Op-Ed: What to know about internal auditing

Op-Ed: What to know about internal auditing

By Anishka Collie

An Internal Audit Department (IAD) can be established to examine and evaluate, in an independent manner, your entity’s business systems and processes, controls and risk management; and to provide recommendations for improvement, thus providing assurance and assistance to management and staff in the effective discharge of their responsibilities and the achievement of your entity’s goals.

Anishka Collie.

As defined by the Institute of Internal Auditors (IIA), internal auditing is an independent, objective assurance and consulting activity designed to add value and improve an organization’s operations. It helps an organization accomplish its objectives by bringing a systematic, disciplined approach to evaluate and improve the effectiveness of risk management, control and governance processes.

Whether your entity’s goal is to offer supreme services or products that meet customers’ needs, or to be a responsible corporate citizen, the IAD exists to help your entity achieve its goals and business objectives in an ethical, legal and well-governed manner.


Independence is the freedom from conditions that threaten the ability of the IAD to carry out internal audit responsibilities in an unbiased manner.

To provide independence, the reporting relationships, authority, objectives and responsibility of the IAD are established by the Audit Committee on behalf of the board of directors. The internal auditor is to report to the chief executive officer, or equivalent, for administrative purposes and has full and independent access to the Audit Committee.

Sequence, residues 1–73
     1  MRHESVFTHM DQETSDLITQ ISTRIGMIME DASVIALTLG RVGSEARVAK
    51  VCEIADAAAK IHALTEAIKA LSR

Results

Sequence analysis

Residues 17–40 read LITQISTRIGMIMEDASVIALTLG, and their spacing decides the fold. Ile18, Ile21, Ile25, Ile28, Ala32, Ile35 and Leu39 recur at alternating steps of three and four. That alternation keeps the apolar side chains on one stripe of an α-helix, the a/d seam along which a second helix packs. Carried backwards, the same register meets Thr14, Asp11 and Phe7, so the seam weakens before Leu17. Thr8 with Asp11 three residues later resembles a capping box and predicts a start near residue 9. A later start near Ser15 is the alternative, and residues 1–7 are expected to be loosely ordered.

1. The IAD is established to perform internal audit and review (investigation and inspection) engagements, as such all systems, processes, operations, functions and activities within your entity are subject to an internal audit evaluation.
  2. The IAD must have unrestricted access to all information, documents, property and personnel. Where unrestricted access is not given, this impacts the engagement scope and effectiveness. This scope limitation should be reported to the CEO and the Audit Committee.
  3. The board and the CEO are to recognize the importance of an impartial and objective assessment of management’s performance and fully support the IAD as an independent appraisal function, which examines and evaluates your entity’s activities as a service to the board and management.
  4. The internal auditor is part of, and cooperates with, the management team in a joint effort to ensure success of your entity in achieving its goals.
  5. The internal auditor has the authority to initiate, carry out and report on any action considered necessary to fulfill the IAD’s goal.
  6. The internal auditor and staff of the IAD are not authorized to:
    • Perform any operational duties for your entity or its affiliates;
    • Initiate or approve accounting transactions external to the Internal Audit Department;
    • Direct the activities of any organization employee not employed by the Internal Audit Department; or
    • Perform an internal audit of an operational department where he/she previously worked for at least one year.

Anishka Collie is CEO and principal consultant at ATC Financial Advisors and Consultants, website www.atcadvisors.com. Collie can be contacted at (242) 376-0411.